Let me ask you this: If they thought they were going to win, would they be shifting the focus away from the litigation? Here's the funniest part of this last report:
The company is eager to make more worldwide efforts as well. "Asia is everybody's diamond mine," Hunsaker said. "It's a huge market. We have partners in China, so we're in a good position."

He did acknowledge that recent moves by China and Japan toward Linux presented an obstacle for SCO's expansion in Asia. "It's tough to fight for market share when you have the government pushing Linux," he said.

Indeed. Poor things. The whole world, especially China, is going Linux. Those bullies. Everybody picks on SCO. In SCOland, the future is bright:
While he positioned the company's legal efforts as its "defense" of Unix, it's the Unix products team -- repeatedly pointed out as 95 per cent of the company's workforce -- that are to be its "offense" in a battle to keep Unix alive, which is the overall theme for the quest McBride styled for SCO....

He outright dismissed reports that SCO was "losing" the case, saying that while the wheels of justice turn slowly, the company is confident it will prevail when the matter goes before the court in November of 2005.

And while McBride admits that the company has lost market share, lost partners and customers over its perceived focus on litigation over innovation, he insists that [t]he company will be able to make back that ground and then some if it wins its legal battles, and told its remaining loyal partners that this battle is for them.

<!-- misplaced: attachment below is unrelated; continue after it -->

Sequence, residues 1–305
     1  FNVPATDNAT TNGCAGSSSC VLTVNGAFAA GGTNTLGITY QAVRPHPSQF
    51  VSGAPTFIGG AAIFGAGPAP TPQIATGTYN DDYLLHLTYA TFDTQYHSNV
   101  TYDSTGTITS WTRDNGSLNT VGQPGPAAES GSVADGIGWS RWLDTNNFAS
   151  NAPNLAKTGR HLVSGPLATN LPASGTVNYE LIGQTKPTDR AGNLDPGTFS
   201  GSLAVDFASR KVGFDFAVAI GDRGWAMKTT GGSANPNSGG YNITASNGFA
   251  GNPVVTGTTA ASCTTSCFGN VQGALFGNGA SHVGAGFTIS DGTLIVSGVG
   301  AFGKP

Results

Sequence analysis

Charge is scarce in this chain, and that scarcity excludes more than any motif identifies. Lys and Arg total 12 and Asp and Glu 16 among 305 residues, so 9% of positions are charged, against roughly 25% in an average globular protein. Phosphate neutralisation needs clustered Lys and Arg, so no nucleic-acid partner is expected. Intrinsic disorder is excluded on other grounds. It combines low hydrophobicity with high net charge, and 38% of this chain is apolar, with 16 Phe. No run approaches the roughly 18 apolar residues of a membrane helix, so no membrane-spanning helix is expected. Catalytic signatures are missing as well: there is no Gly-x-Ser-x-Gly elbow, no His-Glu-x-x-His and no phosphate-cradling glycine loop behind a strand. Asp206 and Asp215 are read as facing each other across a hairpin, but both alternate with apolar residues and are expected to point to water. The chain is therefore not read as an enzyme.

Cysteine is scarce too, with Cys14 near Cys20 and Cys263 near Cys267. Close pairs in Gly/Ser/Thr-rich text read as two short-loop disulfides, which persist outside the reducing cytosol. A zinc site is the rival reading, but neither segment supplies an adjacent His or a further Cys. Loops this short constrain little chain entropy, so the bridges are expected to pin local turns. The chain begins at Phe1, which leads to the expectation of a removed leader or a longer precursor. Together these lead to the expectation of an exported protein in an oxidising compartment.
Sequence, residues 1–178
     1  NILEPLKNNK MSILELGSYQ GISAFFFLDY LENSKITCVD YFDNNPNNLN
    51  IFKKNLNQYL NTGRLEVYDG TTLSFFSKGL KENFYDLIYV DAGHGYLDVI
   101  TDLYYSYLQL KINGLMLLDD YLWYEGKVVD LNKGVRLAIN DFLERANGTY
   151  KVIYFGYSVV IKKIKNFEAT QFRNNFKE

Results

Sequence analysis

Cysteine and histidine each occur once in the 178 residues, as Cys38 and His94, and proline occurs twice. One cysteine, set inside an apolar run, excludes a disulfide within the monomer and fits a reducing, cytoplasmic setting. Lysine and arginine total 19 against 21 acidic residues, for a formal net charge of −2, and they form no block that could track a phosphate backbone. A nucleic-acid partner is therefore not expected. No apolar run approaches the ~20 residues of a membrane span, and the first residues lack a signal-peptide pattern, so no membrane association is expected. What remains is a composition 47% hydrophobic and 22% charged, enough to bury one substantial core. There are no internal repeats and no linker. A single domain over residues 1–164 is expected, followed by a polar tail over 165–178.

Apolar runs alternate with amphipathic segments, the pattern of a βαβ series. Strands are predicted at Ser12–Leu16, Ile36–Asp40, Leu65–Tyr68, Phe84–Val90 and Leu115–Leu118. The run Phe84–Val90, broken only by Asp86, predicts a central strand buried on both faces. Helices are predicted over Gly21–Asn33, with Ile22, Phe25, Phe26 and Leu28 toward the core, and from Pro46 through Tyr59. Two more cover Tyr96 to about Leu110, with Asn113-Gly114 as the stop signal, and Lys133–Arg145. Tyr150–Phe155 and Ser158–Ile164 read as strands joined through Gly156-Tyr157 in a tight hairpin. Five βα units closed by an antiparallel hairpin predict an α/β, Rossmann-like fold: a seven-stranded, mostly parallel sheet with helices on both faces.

And how was all the SCO propaganda received? I'll let you be the judge. Here is a headline for you:
"Linux is mine, all mine, cackles distracted SCO head --
Darl McBride has no doubt he is right. It's just everybody else that is the problem".

Update 2010: You can listen to Chris Sontag's talk now also, as an mp3, including the film about McBride as Rocky Balboa first and then turning into Wesley in The Princess Bride. The sound quality is poor, as you might expect, but you can get the flavor, and then McBride speaks. Here's a slide from Sontag's talk:

In 2010, the jury in SCO v. Novell ruled that this slide is not true. SCO never received the copyrights from Novell. Here are a couple of more slides:

And the famous, or infamous, tree used in the SCO v. Novell litigation:

And here are some slides from Darl McBride's talk: